The Ramayan of Valmiki

The Ramayan of Valmiki

Product ID: 11373

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Author: Ralph T H Griffith
Publisher: LP Publications
Year: 2003
Language: English
Pages: 674
ISBN/UPC (if available): 8175362937


An outstanding work encompassing translation into English verse of one of the greatest scriptures of the Hindus. In his translation, Griffith's command of poetical diction enabled him to reproduce the form and spirit of the ancient hymns better than by means of prose or of rhyming verse.

The subject of the Ramayan, the great national epic of the Hindus, their one common and everlasting possession, is, as the name implies, the life and adventures of Rama. These adventures are briefly summarized in the introductory cantos of the poem.

The great exploit and main subject of the epic is the war which Rama waged with the giant Raven, the fierce and mighty King of Lanka or Ceylon and the dread oppressor of Gods and nymphs and saints and men. The army, to borrow the words of Gorresio, which Rama led on this expedition was, as appears from the poem, gathered in great part from the region of the Vindhyan hills, but the races which he assembled are represented in the poem as monkeys, either out of contempt for their barbarism or because at that time they were little known to the Sanskrit speaking Hindus.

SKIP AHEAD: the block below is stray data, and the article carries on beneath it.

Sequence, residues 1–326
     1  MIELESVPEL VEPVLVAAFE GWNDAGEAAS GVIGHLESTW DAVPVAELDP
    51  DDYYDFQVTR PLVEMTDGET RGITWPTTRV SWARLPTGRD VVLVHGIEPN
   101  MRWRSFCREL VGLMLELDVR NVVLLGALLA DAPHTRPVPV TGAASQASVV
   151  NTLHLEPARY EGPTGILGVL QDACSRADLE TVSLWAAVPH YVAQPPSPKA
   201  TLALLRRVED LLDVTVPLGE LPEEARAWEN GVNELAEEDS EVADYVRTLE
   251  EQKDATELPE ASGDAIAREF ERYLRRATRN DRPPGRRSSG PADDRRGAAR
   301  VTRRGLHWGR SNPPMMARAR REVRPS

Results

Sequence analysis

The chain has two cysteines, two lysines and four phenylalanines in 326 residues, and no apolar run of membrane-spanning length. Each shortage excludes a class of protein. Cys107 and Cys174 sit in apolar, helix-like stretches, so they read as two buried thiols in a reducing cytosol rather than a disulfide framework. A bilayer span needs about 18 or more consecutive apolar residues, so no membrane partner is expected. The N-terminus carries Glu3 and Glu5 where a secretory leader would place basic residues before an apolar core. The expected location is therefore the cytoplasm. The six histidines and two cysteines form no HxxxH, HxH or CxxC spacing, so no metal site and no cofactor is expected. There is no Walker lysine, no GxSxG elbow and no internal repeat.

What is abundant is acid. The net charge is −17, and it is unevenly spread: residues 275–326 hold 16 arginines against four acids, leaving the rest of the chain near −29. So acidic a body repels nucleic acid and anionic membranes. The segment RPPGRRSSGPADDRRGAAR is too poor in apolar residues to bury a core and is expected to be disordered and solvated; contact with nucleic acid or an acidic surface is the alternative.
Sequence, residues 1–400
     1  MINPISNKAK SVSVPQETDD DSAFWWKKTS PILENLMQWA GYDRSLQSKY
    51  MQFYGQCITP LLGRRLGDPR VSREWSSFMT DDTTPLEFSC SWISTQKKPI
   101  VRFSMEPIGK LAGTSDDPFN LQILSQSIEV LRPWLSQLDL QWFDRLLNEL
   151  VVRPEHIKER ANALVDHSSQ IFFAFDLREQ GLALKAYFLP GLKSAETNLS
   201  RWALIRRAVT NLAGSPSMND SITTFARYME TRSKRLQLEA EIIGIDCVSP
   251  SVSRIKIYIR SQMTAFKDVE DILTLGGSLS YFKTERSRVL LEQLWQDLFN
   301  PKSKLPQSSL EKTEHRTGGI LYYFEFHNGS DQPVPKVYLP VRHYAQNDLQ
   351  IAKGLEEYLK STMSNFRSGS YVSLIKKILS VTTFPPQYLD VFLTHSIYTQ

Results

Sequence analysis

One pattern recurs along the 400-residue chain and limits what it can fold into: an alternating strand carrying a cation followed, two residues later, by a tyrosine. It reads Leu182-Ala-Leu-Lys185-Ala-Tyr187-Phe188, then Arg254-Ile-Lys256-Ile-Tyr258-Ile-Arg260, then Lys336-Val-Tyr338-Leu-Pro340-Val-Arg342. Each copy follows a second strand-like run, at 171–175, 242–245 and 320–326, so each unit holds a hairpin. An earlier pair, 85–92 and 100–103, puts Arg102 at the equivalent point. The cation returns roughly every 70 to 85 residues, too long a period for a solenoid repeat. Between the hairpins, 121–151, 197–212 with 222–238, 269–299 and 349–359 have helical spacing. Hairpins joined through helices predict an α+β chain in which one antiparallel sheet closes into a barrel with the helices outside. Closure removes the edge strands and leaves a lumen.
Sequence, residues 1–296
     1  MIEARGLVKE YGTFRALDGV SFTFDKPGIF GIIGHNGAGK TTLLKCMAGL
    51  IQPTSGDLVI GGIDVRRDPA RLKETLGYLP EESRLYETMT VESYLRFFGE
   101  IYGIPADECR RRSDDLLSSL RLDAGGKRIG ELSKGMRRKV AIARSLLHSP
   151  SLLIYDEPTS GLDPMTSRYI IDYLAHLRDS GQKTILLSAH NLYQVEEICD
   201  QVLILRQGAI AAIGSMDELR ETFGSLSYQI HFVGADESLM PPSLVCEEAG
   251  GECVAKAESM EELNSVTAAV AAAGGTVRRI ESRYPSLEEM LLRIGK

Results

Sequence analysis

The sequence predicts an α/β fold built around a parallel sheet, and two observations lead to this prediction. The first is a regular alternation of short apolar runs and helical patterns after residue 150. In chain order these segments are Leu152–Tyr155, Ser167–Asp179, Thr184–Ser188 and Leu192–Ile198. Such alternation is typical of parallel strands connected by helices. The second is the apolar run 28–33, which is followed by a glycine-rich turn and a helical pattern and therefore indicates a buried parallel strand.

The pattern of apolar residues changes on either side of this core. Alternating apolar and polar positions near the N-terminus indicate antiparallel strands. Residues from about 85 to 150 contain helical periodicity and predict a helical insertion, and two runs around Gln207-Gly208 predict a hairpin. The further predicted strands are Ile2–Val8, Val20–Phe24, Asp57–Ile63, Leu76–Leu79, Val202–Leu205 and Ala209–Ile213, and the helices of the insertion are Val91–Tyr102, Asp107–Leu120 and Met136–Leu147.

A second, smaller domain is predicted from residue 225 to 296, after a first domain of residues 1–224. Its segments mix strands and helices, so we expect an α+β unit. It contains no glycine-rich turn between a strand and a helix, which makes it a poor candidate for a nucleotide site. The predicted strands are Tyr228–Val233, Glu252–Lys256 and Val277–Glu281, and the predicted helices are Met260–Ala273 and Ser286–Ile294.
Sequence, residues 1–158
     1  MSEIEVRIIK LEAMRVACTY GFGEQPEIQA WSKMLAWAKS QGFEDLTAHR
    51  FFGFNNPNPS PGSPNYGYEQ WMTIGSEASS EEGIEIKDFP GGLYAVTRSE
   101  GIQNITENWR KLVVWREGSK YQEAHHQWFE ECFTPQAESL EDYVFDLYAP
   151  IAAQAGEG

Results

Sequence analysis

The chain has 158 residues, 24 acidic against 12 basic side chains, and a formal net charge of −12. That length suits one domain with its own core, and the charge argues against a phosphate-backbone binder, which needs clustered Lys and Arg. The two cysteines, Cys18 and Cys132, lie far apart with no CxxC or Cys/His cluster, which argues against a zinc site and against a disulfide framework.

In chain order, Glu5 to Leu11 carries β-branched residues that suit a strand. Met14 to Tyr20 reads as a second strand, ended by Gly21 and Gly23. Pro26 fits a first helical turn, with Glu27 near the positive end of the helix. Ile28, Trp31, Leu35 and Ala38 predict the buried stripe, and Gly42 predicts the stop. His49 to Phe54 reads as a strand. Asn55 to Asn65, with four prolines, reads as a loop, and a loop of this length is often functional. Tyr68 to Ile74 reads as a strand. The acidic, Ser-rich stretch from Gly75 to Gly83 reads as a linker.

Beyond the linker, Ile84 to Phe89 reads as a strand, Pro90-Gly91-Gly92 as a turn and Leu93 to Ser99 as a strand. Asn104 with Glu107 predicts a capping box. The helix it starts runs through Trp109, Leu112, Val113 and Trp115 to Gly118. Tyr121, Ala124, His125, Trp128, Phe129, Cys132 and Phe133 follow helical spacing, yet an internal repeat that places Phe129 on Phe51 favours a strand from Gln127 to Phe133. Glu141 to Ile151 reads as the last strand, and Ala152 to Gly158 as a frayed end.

The people against whom Rama waged war are, as the poem indicates in many places, different in origin, in civilization, and in worship, from the Sanskrit Indians; but the poet of the Ramayan, in this respect like Homer who assigns to Troy-customs, creeds, and worship similar to those of Greece, places in Ceylon, the seat of this alien and hostile people, names, habits, and worship similar to those of Sanskrit India.

The poet calls the people whom Rama attacked Rakshasas. Rakshasas, according to the popular Indian belief, are malignant beings, demons of many shapes, terrible and cruel, who disturb the sacrifices and the religious rites of the Brahmans. It appears indubitable that the poet of the Ramayana applied the hated name of Rakshasas to an abhorred and hostile people, and that this denomination is here rather an expression of hatred and horror than a real historical name.


Cantos I - Cantos LXXVII

Cantos I - Cantos XXXIX

Cantos I - Cantos XL

Cantos I - Cantos XLV

Cantos I - Cantos LXVI

Cantos I - Cantos CXXX


Additional Notes

Index of Principal Names